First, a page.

Burkland is undoubtedly the best known of the South Middleborough teachers, thanks largely to his later role in the educational life of Middleborough. It is for Burkland for whom one of Middleborough’s elementary schools is named.
Mrs. Veretta F. (Shaw) Thomas, South Middleborough (1925-28)
She had substituted, previously, during Burkland’s absences.
Miss Madeleine A. Duncklee, Middleborough (1928-30)
She resigned shortly after marrying Bernard J. Owens
Miss Elsie A. Cahoon, Harwich (1930-35)
A graduate of Harwich High School and North Adams Normal School. She taught two years at Harwich. She “comes here well recommended.”
Miss Hazel Long, Middleborough (1935 -38)
Miss Mildred K. Bowman (September, 1938-41)
Miss Arlene Nolan (1941-43)
She resigned to marry John Doran of New Haven, Connecticut.
Mrs. Edward Keith (1943)
She resigned when her husband entered the Army.
Miss Phyllis E. Johnson, Newton (1943-44)
Elsie LeBlanc (1944)
Third and Fourth Grade
Mrs. Elsie LeBlanc (1944-52)
Mrs. Laura B. Grota (1952-1953)
Mrs. Margaret Mitchell, Lakeville (1953-1973)
Miss Margaret M. Higgins (1973-1991)
Mrs. Elsie LeBlanc (1952-1953)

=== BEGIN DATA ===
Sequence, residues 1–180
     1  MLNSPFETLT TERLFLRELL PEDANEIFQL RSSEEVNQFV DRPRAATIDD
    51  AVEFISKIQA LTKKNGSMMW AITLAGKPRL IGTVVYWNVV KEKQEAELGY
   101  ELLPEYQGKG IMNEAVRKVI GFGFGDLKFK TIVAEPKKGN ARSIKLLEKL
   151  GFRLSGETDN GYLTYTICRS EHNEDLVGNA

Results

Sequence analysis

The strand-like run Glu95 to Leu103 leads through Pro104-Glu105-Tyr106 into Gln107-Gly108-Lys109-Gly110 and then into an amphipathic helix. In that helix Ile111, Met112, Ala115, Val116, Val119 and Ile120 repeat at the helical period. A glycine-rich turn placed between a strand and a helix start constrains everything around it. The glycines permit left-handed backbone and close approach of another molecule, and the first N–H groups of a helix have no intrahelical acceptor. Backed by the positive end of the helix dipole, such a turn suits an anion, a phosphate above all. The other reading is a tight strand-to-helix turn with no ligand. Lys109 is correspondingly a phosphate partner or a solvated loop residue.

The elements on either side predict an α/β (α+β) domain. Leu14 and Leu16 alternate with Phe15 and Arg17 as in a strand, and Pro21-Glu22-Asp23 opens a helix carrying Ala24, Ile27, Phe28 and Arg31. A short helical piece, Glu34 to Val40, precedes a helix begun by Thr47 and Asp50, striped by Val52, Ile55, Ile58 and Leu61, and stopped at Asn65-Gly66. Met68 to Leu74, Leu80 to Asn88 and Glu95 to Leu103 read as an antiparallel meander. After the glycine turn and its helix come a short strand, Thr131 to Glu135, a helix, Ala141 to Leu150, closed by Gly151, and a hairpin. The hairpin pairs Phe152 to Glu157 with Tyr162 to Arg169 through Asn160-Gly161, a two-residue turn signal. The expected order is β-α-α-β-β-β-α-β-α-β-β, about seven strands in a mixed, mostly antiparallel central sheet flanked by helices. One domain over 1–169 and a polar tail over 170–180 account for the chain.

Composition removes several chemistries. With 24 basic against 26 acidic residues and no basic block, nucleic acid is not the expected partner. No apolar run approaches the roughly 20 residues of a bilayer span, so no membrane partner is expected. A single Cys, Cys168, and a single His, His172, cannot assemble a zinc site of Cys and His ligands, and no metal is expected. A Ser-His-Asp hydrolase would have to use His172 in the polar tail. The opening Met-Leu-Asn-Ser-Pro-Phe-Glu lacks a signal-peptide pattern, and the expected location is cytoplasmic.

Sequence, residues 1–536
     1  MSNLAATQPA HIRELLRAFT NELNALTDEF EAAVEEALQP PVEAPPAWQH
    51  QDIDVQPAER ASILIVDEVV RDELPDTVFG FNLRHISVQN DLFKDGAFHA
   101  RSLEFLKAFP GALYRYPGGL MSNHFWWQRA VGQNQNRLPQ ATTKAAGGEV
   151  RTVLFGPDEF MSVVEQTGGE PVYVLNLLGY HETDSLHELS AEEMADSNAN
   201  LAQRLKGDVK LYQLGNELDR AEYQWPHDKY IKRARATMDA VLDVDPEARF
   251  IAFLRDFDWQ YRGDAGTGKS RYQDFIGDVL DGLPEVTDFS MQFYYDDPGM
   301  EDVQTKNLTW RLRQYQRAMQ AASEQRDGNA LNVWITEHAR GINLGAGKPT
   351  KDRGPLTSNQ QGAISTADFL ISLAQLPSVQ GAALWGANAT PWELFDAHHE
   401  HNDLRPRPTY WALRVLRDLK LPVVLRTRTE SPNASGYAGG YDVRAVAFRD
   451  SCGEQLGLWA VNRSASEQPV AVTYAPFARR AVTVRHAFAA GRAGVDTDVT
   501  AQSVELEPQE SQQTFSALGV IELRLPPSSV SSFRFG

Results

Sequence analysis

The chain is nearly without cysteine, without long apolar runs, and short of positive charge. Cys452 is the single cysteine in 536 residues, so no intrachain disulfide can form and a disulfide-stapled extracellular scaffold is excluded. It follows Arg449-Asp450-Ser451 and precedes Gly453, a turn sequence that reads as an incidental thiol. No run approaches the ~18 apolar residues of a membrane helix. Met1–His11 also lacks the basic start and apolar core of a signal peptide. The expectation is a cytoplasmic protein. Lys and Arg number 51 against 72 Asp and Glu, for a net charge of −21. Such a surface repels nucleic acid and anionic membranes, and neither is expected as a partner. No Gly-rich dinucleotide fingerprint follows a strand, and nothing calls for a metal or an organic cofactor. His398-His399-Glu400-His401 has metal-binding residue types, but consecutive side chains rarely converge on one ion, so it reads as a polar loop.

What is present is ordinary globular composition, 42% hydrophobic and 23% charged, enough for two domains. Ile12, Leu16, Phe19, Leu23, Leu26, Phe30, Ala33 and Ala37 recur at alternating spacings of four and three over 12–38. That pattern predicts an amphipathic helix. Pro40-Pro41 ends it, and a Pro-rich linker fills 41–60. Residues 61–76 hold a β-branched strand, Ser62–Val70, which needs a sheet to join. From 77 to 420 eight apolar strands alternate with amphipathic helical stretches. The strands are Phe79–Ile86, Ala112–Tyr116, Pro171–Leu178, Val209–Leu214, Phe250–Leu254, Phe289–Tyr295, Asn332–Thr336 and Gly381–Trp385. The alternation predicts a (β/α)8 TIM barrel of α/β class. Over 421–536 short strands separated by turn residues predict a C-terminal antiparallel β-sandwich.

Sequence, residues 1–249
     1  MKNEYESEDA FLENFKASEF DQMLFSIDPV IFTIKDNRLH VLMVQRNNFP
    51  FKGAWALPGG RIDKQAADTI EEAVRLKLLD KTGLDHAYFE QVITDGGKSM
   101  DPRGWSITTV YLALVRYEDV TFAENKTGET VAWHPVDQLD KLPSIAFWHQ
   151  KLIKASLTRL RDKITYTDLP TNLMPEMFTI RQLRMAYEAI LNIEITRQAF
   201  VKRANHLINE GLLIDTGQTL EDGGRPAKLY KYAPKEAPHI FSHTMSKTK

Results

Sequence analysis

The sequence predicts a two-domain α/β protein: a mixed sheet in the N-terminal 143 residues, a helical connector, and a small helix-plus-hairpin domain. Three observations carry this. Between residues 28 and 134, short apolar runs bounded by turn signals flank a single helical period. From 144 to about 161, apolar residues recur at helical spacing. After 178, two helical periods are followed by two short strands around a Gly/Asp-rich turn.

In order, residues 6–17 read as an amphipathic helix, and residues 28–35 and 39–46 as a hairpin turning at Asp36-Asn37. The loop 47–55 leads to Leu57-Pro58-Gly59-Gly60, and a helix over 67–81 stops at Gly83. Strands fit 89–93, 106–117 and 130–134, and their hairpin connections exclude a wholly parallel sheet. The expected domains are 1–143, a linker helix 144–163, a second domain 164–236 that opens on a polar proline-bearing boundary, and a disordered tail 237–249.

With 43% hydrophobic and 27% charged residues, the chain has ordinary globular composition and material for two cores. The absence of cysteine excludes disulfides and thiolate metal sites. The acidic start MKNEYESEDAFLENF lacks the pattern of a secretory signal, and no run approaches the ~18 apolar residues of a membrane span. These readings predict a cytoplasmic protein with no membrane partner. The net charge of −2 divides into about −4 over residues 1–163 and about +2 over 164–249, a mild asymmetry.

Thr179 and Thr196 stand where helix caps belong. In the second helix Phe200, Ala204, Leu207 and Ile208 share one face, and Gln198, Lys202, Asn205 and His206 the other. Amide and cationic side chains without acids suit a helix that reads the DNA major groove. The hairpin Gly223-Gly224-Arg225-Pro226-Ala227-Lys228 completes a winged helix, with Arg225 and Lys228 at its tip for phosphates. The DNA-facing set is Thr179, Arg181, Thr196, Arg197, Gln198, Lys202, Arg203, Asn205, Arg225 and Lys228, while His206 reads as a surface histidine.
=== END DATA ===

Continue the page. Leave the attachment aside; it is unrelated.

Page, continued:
Mrs. Veronica Hawkins (1953-1967)
Miss Margaret M. Higgins (1967-1973)
Mrs. Delina M. Majuri (1973-1974)
Catherine Chausse (1974-1983)
Delina M. Toal (1983-1991)
Courtesy of George Eastman House
Please visit the South Middleborough Protective Association's Facebook page and sign the petition to save this historic schoolhouse. Everyone signature counts. Also remember to "Like" their page.
South Middleborough School, photograph by Herbert L. Wilber, 1935.
Tuesday, November 25, 2014
The South Middleborough Protective Association is undertaking a grass roots effort to preserve the historic South Middleborough School. Please visit the SMPA's Facebook page to sign up in support of their efforts. Every signature is critical to demonstrate support for this worthy project!
Sunday, November 2, 2014
Saturday, November 1, 2014